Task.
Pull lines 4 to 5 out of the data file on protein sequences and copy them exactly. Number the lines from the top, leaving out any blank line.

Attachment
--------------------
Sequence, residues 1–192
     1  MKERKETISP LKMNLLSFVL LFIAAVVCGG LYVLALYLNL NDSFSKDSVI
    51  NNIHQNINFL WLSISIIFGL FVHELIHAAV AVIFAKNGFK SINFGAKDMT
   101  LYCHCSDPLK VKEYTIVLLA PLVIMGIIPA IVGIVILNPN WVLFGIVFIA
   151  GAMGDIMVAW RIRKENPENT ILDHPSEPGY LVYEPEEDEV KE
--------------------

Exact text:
   101  LYCHCSDPLK VKEYTIVLLA PLVIMGIIPA IVGIVILNPN WVLFGIVFIA
   151  GAMGDIMVAW RIRKENPENT ILDHPSEPGY LVYEPEEDEV KE